**A percentile rank explains how well a test-taker did in comparison to other test-takers, while a percentage rank explains how well a test-taker did on the test itself.** For example, a student might answer 90 percent of questions correctly and rank in the 99th percentile. This means the student scored better than 99 percent of students who took the test.

Percentile ranks are used for tests where it is important to compare one test-taker's results to a large sampling of data. For example, doctors have special growth charts to rank children's height and weight by percentile. Children who fall into very high or very low percentiles are evaluated for health issues. Percentages are used in tests where individual performance is more important than relative performance. A doctor treating a child who has 40 percent lung function does not need to know the child's percentile.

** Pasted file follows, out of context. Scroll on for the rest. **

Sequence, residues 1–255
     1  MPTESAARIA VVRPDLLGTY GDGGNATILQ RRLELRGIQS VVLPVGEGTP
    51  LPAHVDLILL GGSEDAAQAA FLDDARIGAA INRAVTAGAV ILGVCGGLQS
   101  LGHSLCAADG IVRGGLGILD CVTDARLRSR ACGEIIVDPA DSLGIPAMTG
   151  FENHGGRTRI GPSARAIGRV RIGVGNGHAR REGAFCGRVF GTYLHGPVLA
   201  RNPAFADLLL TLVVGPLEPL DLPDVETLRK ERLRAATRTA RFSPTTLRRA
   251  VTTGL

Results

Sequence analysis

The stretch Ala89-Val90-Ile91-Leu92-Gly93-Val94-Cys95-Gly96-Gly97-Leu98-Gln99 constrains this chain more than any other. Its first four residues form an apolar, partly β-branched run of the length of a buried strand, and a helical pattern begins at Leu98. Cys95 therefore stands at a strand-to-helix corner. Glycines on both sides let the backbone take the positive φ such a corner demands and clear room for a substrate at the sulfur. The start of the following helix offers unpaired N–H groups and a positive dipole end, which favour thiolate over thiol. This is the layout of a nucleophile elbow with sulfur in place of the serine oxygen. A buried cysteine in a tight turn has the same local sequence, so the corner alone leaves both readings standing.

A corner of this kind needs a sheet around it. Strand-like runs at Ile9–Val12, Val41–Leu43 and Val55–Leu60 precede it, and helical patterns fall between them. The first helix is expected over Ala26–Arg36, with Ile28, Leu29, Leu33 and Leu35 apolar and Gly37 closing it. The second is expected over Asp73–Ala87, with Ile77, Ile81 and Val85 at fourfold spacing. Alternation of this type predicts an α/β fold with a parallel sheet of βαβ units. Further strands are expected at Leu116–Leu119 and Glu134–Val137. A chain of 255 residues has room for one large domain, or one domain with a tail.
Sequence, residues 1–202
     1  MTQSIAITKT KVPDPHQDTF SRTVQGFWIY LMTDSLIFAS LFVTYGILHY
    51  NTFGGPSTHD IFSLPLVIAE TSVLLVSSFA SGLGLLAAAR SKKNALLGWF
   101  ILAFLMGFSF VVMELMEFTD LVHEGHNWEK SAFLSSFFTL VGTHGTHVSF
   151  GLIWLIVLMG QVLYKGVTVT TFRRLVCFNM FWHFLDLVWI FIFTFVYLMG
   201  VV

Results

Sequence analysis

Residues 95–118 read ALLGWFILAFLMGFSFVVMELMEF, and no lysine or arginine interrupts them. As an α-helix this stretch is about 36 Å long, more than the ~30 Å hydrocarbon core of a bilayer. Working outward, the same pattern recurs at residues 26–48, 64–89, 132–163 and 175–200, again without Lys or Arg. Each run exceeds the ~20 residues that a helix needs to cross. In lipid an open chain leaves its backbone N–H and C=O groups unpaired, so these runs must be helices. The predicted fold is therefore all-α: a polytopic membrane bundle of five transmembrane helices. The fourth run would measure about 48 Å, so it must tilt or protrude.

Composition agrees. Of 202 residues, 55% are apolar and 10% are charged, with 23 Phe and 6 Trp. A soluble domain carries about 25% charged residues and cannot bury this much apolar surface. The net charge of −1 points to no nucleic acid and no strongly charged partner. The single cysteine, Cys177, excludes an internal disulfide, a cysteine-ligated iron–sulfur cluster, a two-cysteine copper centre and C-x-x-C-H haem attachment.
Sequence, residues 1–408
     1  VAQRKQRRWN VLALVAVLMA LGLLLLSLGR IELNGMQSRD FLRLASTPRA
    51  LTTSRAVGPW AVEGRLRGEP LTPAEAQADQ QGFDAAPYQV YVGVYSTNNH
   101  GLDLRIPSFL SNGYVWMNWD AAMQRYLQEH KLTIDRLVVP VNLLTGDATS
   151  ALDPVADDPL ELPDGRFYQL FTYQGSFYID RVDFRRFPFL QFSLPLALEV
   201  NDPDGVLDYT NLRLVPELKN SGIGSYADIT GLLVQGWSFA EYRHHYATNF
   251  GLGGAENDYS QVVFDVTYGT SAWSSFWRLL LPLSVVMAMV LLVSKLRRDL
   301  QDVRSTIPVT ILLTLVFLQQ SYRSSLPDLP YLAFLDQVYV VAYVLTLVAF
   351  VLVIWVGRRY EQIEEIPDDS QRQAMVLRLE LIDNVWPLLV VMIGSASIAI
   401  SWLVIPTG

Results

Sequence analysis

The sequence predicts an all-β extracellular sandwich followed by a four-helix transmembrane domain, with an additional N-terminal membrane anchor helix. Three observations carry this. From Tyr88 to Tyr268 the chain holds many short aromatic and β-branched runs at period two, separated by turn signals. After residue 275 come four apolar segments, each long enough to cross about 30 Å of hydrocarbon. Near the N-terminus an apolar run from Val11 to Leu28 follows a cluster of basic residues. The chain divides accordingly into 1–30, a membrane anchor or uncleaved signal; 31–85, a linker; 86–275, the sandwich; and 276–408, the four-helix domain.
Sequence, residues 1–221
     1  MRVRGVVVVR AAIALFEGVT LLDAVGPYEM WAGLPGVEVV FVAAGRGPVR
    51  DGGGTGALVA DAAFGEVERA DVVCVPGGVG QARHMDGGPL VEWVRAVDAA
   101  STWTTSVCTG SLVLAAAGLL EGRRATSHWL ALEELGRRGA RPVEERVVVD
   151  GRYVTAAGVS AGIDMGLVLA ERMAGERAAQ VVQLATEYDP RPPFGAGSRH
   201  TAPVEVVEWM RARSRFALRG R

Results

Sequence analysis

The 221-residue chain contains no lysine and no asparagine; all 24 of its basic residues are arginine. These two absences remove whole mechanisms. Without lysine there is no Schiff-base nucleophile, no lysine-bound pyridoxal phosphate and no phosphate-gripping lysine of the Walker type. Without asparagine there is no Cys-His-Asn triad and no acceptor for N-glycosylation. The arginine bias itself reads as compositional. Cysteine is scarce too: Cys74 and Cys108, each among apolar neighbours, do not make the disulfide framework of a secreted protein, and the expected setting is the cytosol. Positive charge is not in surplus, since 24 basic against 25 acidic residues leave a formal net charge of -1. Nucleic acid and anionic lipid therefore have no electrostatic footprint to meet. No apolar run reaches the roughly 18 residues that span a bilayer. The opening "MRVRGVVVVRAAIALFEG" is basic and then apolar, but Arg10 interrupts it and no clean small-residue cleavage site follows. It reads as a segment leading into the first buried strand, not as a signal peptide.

Standardized tests often use percentiles to determine the best students. A very small number of students get perfect scores, or 100 percent accuracy, on the SAT. However, it is easier to determine percentile rank by looking at the total number of students who took the test, then divide that number by 100. Each year, the College Board releases data tables to show how percentile information corresponds to SAT test scores. A score of 770 or above in a single section generally ranks in the 99th percentile.